Australian politician to apologize over meowing incident


Models dressed as Catwoman arrive at the European Premiere of the Halle Berry film "Catwoman" in London.


Dave Hogan

Australian Prime Minister Julia Gillard on Thursday ordered one of her MPs, Joel Fitzgibbon, to personally say sorry to deputy oppposition leader Julie Bishop, after he meowed at her during a debate on carbon tax.

The Daily Telegraph newspaper said the incident, which occurred as Bishop was seconding a bid to censure the government's carbon plan, sent the parliament into uproar.

The culprit was not immediately known, but Fitzgibbon was soon outed by finger-pointing members of the opposition, before confessing.

The Australian newspaper reported that back in 2008, Bishop was herself guilty of cat-calling, when she directed a meow at Gillard in parliament, with an accompanying claw action. The paper even dubbed Bishop "Catwoman".

But despite her hairy history with Bishop, Gillard was quick to rebuke her colleague for the cat call. She told parliament:

This was clearly the wrong thing to do. I will be requiring him to apologize personally to the deputy leader of the opposition.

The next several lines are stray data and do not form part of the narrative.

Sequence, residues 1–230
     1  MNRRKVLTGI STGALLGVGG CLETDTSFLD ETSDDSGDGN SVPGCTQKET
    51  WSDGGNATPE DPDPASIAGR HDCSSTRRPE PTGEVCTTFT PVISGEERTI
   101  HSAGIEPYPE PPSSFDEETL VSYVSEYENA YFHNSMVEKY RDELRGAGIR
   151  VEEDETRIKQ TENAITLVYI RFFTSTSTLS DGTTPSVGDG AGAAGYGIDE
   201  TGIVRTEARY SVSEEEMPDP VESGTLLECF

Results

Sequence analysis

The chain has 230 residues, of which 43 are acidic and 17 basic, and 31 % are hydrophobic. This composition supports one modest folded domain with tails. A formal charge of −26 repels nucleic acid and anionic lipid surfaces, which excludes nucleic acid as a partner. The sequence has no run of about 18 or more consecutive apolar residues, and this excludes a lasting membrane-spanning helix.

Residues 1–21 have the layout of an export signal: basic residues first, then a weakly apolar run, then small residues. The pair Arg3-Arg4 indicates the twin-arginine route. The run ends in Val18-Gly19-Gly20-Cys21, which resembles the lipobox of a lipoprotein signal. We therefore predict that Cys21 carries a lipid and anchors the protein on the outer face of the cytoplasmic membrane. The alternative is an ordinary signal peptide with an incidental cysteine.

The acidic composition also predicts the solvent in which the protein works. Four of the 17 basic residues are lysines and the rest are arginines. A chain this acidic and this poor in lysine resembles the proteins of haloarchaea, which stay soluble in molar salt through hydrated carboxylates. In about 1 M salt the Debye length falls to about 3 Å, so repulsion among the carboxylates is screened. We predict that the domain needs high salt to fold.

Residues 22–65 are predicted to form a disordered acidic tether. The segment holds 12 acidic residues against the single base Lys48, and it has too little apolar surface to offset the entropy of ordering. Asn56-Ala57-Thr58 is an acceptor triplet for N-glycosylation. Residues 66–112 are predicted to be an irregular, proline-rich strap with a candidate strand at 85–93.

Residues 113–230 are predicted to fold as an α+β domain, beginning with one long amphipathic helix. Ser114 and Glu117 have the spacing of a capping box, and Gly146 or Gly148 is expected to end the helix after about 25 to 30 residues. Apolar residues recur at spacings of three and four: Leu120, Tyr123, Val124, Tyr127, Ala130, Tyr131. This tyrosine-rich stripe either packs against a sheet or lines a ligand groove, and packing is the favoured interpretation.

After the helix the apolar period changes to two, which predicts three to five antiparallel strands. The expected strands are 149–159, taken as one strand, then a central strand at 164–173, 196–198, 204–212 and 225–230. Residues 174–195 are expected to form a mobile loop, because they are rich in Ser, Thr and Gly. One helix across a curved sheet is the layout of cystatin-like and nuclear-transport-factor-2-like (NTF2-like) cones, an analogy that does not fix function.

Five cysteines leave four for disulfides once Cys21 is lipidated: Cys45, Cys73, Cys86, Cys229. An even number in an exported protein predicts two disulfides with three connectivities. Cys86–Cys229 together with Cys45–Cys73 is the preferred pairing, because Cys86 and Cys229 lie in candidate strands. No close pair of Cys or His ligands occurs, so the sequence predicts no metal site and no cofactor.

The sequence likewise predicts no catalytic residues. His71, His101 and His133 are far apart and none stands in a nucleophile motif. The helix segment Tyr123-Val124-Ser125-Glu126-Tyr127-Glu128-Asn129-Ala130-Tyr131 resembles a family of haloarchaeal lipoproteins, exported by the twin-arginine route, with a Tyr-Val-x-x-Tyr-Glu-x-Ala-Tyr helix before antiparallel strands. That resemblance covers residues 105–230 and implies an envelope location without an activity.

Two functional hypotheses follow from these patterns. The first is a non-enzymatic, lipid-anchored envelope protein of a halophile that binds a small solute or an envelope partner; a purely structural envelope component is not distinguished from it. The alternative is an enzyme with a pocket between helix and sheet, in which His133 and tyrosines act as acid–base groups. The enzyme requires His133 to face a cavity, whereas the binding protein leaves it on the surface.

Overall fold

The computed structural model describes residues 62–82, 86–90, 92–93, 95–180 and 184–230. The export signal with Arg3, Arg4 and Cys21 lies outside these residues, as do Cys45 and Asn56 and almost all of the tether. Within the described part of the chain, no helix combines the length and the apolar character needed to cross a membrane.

Gillard added that “as a woman in Parliament”, she felt the behaviour was “inappropriate and wrong”.

Opposition leader Tony Abbott thanked Gillard for what he described as “an extremely gracious statement, after quite a taxing debate”.

Back in May, Liberal party member David Bushby apologized both in public and personally to Senator Wong over this meowing incident posted on the internet.

In a statement released after question time Thursday, Minister for the Status of Women Kate Ellis said women in parliament, like women in any workplace, were entitled to equal treatment in every respect.

She said parliament should be a leader in this regard, and urged all MPs to maintain the highest standards of professional conduct.